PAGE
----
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The events in Ukraine over last week have been absolutely extraordinary, and they’ve made me think back to that period in 1989 with the fall of the Berlin wall, and the liberation of the countries in Central and Eastern Europe.
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Since that time, the enlargement of the European Union and NATO is, I think, one of the great triumphs of my generation’s diplomacy. It has brought stability, growing prosperity to tenth of millions of people in that part of the world.
And what is happening in Ukraine is a reminder that the EU and NATO still have this power of attraction to countries outside – it’s a promise of a degree of access to the world and to growing prosperity for your family that they didn’t have up until now. Sometimes, in our internal quarrels and discussions in the EU, we can forget that outside, the EU can be seen as a very, very powerful, attractive force for the future.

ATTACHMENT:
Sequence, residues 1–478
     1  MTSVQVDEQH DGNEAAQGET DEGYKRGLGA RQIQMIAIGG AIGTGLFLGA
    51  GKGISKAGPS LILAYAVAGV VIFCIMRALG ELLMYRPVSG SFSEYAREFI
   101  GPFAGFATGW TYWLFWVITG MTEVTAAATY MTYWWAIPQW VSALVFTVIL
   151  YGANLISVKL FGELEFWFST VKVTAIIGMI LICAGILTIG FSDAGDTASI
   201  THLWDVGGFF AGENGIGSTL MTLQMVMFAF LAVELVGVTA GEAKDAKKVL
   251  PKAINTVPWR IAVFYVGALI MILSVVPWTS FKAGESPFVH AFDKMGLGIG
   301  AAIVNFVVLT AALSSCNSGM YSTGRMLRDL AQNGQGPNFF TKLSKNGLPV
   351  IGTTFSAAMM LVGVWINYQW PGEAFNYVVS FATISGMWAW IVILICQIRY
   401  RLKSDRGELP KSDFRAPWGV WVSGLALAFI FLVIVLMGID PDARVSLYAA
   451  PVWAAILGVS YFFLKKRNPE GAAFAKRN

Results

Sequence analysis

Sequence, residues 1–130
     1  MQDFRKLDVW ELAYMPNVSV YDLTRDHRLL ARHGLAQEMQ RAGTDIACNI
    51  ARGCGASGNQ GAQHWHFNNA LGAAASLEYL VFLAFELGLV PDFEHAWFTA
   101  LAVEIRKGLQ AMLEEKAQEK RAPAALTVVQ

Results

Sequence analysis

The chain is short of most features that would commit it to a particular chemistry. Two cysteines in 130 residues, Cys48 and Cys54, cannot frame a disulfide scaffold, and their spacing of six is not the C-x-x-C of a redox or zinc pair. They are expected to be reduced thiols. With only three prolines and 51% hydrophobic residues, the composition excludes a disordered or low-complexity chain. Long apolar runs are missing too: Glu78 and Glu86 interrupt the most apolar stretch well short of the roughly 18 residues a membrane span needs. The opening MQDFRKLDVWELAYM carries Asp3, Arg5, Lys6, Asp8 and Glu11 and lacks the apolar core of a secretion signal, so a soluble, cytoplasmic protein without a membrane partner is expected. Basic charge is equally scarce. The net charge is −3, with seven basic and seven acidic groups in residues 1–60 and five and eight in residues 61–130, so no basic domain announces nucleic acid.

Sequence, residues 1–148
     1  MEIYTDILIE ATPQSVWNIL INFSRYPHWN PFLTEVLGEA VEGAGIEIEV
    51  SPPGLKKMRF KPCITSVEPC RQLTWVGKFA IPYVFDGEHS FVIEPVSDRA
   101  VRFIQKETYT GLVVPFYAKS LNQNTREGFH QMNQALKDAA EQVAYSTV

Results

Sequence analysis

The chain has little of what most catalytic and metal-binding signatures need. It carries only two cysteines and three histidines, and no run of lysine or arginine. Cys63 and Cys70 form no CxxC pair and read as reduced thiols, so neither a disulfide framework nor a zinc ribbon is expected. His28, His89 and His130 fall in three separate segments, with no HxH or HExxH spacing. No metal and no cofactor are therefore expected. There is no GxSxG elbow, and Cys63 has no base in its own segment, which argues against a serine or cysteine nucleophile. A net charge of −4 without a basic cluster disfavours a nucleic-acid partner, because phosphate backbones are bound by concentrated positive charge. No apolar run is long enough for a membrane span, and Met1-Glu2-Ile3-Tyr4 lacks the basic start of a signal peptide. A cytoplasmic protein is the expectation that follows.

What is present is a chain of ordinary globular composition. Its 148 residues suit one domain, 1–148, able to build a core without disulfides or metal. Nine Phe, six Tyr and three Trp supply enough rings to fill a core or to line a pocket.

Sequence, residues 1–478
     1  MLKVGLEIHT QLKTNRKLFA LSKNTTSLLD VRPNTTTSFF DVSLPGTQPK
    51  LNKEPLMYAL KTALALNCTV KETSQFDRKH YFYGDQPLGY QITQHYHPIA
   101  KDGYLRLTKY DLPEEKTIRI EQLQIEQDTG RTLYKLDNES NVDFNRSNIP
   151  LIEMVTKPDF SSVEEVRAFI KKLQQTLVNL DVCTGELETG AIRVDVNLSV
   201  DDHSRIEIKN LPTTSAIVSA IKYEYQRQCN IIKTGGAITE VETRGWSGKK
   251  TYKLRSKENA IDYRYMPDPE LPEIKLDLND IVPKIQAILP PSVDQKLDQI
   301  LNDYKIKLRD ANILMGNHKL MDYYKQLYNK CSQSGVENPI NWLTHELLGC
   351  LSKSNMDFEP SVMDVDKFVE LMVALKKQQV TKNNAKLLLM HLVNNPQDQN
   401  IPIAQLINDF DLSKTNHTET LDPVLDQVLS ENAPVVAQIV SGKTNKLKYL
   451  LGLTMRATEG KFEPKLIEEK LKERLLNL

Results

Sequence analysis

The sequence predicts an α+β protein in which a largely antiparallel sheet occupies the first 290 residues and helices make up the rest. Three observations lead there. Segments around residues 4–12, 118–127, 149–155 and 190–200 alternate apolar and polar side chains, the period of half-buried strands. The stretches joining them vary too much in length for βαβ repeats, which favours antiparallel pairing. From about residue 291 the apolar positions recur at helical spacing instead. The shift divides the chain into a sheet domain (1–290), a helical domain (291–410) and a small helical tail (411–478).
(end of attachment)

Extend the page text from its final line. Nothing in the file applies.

My Prime Minister and Foreign Secretary have been very much involved in the diplomacy over Ukraine in recent days. Of course, the Foreign Ministers of France, Poland and Germany were there and helped to secure the historic deal that enabled the opposition forces to take power. We said that we would work with the new government, we will help them with the IMF to get the economic resources that they need.
There is still of course a lot to be done to ensure that Ukraine can emerge from this as a united country, stable and able to make its own decisions about the future.
And it’s also a reminder that other countries around the edges of Europe – for example in the Balkans – are also looking towards the EU for the same sort of power to help them change the life of their people.